What we’re reading: Andrea Beaty

In a recent game of “Let’s chase each other around the house and shriek at the top of our lungs until Mom goes batty,” the four-year-old practically impaled her toe on a chair leg and started screaming. Being the compassionate savages they are, her siblings consoled her by yelling, “Help! Call the librarians! Call the janitor! Call the weatherman! Just call somebody!”

But… it’s kind of her own fault. See, she’s enamored with the Doctor/Artist/Firefighter Ted books by Andrea Beaty. Ted is a rascally imp who gets in trouble (through no fault of his own, of course — much like my little girl). In every book is Principal Bigham — not Biggum, folks, but Big-Ham, as he’s a hog, and it only took me three years to pick up on this — who is Ted’s archnemesis and always arrives in some sort of distress and starts hollering for the librarians the weatherman and the janitor.

What I love about these books is that Ted is an unapologetic problem-solver. Fire in the house? He puts out his “fire-burned” toast with a whipped cream extinguisher. No paint for Artist Ted? Eh, he’ll just use ketchup.

But let’s talk more about the author, because the Ted books aren’t even her pieces de resistance. That distinction is reserved for the truly awesome trio of “Iggy Peck, Architect,” “Rosie Revere, Engineer,” and “Ada Twist, Scientist.”

To make sure I hit all the highlights, here are three areas of excellence:

  1. The subject matter. Enough of sweet little pink-frocked girls who bake delicious cupcakes and host lemonade tea parties. Go ahead, build up my little girl! Make her embrace her curiosity, her questioning spirit, her defiance in the face of defeat. And take those quirks that make each child unique — like Iggy Peck’s unwavering interest in architecture, or Ada Twist’s propensity to question and experiment — and celebrate them! Weirdness is cool. Rosie Revere builds a helio-cheese-copter. Iggy Peck created a tower out of dirty diapers. Ada Twist asked too many questions. I love them all, and my kids do, too.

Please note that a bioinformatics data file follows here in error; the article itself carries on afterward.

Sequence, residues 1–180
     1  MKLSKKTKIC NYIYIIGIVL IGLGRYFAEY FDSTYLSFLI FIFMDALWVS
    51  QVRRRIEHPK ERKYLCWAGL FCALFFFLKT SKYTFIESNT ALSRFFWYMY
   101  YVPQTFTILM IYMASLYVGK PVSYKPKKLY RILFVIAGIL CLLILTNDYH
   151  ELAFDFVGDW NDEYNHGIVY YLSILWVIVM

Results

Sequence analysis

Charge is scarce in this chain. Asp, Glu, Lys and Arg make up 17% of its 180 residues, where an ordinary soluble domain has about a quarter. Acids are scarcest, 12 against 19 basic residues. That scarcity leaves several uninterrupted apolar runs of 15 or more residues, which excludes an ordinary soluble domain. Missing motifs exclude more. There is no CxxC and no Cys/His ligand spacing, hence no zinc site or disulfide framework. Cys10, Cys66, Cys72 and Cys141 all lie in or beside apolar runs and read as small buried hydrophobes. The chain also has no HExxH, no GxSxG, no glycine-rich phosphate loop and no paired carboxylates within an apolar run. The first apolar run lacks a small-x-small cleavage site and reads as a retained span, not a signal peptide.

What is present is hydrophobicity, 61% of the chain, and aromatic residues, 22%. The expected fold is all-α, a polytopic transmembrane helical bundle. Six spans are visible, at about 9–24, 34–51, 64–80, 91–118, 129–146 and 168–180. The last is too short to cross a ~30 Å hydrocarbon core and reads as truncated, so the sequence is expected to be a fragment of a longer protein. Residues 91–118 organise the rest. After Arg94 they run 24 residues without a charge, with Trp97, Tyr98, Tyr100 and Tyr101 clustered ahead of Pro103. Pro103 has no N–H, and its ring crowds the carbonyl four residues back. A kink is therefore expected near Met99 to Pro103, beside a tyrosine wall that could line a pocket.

The pictures. Don’t underestimate the enchantment of great illustrations. There is so much in these books that kids will pick up on, from the similarity of all the shoes in Iggy Peck to the fact that Iggy, Rosie, and Ada actually appear in each book and are classmates in Miss Lila Greer’s second-grade class.

The writing. Oh yeah, the writing. These are, after all, books. Honestly, so many children’s books are so fluffy and focused on instilling great messages that the writing is secondary. But these books… Iggy Peck is written as limericks! Rosie Revere is in pretty near perfect iambic pentameter with an AABB rhyme scheme. The shoulda-been-an-English-major side of me was loving it. Even thought picture books are meant for younger kids, don’t underestimate the power of reading well-written ones to big kids. It’s really not any different than poetry, and there’s a ton they can learn about rhyme, rhythm, syntax variation, and meter.

Happy reading!

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